This post may contain affiliate links. You can read our full affiliate disclosure here.
After several nail-biting days, former Vice President and current President-Elect Joe Biden has been declared the winner of the 2020 presidential election. For student loan borrowers, Biden’s election could mean big changes for federal student loans, including the possibility of mass student loan forgiveness.
Note that all of these are preliminary suggestions, and there’s no guarantee that any of them will come to pass, especially without bipartisan support in Congress. But here’s what could be possible when it comes to Joe Biden and student loans:
President-elect Joe Biden on student loans: What he’s proposed so far
Joe Biden and higher ed: Free tuition and expanded Pell Grants
Will mass student loan forgiveness happen?
Managing your student loan debt in 2020 and beyond
Joe Biden has stated his support for a number of student loan ideas. To date, he has said he supports:
- Immediate cancellation of $10,000 in federal student loan debt for every borrower to help them through the coronavirus pandemic
- Full forgiveness of federal student loans for borrowers who attended public colleges or universities and earn less than $125,000 per year
- Simplification of the current income-driven repayment plan options, including a plan that caps your monthly payments at 5% of your discretionary income if you make more than $25,000 per year (currently the lowest cap is 10%). If you make less than $25,000, you could pay $0 on your loans.
- Reform of the Public Service Loan Forgiveness program so that it offers $10,000 in loan forgiveness annually for up to five years. Currently, the PSLF program offers total loan forgiveness at the end of 10 years of service. Biden’s proposal would front-load loan forgiveness so you wouldn’t have to wait so long, but it doesn’t appear to offer loan cancellation beyond $50,000.
- Revive borrower protections that once made it easier for borrowers to discharge student loans through bankruptcy
Additionally, we should forgive a minimum of $10,000/person of federal student loans, as proposed by Senator Warren and colleagues. Young people and other student debt holders bore the brunt of the last crisis. It shouldn’t happen again.
— Joe Biden (@JoeBiden) March 22, 2020
Besides student loans, Biden has also said he supports the following for higher education:
- Free community college to all students, including DREAMers
- Tuition-free public college for students whose families make less than $125,000 per year
- Increase Pell grants, which are a form of need-based financial aid, and make them more accessible
- Increase investments in Historically Black Colleges and Universities (HBCUs) and workforce training programs
While not a comprehensive list, these are some of the main suggestions for student loans and higher education that Biden ran on as the Democratic nominee. If they will come to pass remains to be seen.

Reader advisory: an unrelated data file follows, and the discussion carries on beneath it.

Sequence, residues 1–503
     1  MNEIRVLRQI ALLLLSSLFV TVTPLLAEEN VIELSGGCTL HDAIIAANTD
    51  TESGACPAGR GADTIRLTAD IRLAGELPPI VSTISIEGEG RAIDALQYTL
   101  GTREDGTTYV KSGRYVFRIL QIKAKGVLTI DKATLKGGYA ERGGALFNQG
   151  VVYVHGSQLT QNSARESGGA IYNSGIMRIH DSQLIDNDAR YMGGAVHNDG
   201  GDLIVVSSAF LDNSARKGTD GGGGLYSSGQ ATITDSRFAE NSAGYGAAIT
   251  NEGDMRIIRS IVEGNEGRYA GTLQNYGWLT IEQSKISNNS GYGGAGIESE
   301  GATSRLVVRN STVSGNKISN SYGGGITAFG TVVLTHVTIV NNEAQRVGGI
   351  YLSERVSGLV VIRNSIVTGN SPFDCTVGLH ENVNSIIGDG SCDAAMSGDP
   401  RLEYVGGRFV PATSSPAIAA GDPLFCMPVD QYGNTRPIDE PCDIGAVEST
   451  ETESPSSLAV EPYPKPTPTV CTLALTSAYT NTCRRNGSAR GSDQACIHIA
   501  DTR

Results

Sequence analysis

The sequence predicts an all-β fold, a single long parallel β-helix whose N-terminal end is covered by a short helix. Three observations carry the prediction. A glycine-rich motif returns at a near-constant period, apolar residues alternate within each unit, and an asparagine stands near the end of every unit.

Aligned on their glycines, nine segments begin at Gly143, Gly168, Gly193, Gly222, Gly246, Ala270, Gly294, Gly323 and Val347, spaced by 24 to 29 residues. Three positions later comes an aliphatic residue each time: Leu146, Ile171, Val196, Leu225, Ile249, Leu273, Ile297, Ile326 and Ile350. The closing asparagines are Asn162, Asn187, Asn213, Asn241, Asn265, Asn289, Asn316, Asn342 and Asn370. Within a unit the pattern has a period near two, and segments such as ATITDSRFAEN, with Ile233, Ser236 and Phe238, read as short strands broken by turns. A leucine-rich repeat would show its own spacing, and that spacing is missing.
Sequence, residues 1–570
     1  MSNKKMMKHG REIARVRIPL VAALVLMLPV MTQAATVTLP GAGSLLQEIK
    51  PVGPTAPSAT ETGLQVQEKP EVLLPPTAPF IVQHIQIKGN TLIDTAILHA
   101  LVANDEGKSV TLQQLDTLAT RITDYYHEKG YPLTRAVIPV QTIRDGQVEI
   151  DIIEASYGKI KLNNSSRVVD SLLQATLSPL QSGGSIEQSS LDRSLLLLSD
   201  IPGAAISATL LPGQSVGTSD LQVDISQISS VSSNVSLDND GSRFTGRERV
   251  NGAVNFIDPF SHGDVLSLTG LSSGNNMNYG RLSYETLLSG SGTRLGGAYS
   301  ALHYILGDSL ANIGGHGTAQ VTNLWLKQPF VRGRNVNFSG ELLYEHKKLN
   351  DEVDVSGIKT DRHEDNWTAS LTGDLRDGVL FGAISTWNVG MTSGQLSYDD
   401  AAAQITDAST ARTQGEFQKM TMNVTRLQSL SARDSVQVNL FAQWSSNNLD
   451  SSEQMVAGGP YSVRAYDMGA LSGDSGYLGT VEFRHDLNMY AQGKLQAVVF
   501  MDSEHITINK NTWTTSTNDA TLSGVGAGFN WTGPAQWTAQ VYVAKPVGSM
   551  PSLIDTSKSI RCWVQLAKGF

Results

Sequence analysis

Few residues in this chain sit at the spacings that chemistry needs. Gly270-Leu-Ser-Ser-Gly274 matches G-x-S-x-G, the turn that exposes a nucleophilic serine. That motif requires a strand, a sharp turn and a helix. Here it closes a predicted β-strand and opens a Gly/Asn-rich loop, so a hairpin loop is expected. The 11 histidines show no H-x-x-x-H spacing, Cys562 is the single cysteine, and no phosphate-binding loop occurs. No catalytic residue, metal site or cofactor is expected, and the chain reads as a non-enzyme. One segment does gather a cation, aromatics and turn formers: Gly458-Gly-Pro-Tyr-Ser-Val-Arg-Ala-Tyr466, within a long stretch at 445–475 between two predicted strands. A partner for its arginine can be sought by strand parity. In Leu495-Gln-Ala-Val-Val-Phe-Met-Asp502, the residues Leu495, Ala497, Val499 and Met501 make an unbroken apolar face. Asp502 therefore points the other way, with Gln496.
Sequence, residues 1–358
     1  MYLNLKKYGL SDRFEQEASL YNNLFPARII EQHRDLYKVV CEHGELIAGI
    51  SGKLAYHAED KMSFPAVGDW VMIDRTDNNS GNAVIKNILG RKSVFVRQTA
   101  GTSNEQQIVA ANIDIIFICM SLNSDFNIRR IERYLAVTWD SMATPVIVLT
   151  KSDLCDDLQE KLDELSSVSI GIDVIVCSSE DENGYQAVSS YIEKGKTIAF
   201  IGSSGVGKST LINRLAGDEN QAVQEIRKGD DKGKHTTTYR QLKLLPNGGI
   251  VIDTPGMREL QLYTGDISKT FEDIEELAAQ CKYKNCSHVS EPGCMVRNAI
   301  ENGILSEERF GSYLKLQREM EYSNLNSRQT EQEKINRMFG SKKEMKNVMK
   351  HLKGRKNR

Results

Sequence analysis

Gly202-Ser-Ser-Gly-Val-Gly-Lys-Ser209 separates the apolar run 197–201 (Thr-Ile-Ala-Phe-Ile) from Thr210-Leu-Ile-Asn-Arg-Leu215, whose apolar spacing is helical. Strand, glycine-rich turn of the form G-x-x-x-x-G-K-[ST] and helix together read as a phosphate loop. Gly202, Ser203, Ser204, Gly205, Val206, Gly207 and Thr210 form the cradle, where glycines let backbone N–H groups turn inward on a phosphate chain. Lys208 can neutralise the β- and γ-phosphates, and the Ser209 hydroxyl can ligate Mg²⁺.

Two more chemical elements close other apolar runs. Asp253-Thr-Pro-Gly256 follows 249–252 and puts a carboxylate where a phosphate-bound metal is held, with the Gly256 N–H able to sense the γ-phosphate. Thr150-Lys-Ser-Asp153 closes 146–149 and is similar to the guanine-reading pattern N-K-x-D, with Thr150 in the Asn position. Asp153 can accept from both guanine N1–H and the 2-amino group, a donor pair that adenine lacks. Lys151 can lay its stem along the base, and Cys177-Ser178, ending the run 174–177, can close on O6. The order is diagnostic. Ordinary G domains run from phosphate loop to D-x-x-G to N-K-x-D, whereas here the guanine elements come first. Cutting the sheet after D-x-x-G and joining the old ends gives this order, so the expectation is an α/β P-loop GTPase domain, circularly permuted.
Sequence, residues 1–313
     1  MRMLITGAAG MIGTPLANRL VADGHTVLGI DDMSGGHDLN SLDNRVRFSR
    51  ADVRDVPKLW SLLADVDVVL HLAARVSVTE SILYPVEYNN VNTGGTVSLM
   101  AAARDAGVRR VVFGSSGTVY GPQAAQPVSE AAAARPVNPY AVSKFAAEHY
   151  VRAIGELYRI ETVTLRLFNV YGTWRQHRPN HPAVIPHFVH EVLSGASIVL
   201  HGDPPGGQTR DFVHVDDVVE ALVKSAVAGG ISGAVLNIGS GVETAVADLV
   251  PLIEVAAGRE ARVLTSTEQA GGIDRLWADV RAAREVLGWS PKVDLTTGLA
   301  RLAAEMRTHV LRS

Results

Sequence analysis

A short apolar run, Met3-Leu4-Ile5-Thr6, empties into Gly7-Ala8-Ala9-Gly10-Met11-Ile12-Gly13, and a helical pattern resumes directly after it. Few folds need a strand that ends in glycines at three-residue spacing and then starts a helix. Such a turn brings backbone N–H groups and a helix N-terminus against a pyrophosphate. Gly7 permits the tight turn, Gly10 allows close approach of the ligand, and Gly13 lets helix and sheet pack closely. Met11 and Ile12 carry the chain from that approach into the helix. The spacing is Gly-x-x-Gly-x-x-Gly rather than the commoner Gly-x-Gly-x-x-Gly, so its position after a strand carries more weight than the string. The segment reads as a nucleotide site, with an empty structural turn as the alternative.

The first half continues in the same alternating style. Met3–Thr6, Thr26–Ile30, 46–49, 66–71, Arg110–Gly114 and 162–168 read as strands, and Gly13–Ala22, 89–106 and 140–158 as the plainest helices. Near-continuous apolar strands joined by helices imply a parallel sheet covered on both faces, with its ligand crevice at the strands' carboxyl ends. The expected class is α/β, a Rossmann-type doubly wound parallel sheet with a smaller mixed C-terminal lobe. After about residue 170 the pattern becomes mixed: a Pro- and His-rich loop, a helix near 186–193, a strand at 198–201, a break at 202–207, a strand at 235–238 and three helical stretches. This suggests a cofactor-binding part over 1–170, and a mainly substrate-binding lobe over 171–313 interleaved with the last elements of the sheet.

Student loans have entered the spotlight in the past few years with millions of Americans owing more than $1.64 trillion in education debt. While mass student loan forgiveness once seemed like a pipe dream, the idea seems to be becoming more mainstream.
Supporters of student loan forgiveness argue that forgiving student loans will boost the economy, as it will allow debt-burdened borrowers to participate more fully in it. But fiscal conservatives worry that the price tag is too high.
At this point, we’ll all have to wait and see what happens with student loans during a Joe Biden presidency. Even if he supports mass student loan forgiveness, Joe Biden may or may not get that same support from Congress.
Since mass student loan forgiveness isn’t guaranteed, it’s important to have a plan for managing your student loans in 2020 and beyond.
At the time of writing, federal student loans are in a period of emergency forbearance due to the coronavirus pandemic. This means you don’t have to make payments, and zero interest is accruing.
But this period of forbearance is set to run out at the end of December 2020. Mark this date on your calendars so you know when to expect new payments again (and keep an eye out to see if Trump or Biden extends it). In the meantime, explore your options for repayment plans to find the right one for you.
Even though payments aren’t due right now, you could consider making payments during this period of forbearance. No interest is currently accruing, so you could make faster progress paying off your loans than you would normally.
As for private student loans, your payments are likely still due as they are normally, but some lenders are offering temporary forbearance for borrowers who qualify. Reach out to your loan servicer if you need some relief.
Finally, borrowers who are motivated to pay off their debt ASAP could consider refinancing their private student loans for lower rates and new terms. Learn more about the ins and outs of student loan refinancing in this guide.
Want better rates? Here are the best banks to refinance student loans:
|Variable rates start at...||Fixed rates start at...||Repayment terms||Welcome bonus||Check your rates|
|1.98%||2.99%||5 - 20 years||$200||Visit LendKey|
|1.99%||2.98%||5 - 20 years||$200||Visit Earnest|
|1.89%||2.80%||5, 7, 10, 15, and 20 years||$120||Visit Laurel Road|
|1.92%||2.49%||5 - 20 years||$100 or $200, depending on the amount you refinance||Visit Credible|
|2.25%||2.99%||5, 7, 10, 15, and 20 years||$100||Visit SoFi|
|2.39%||2.79%||5, 7, 10, 15, and 20 years||$100||Visit ELFI|
|1.98%||2.83%||5, 7, 10, 15, and 20 years||N/A||Visit CommonBond|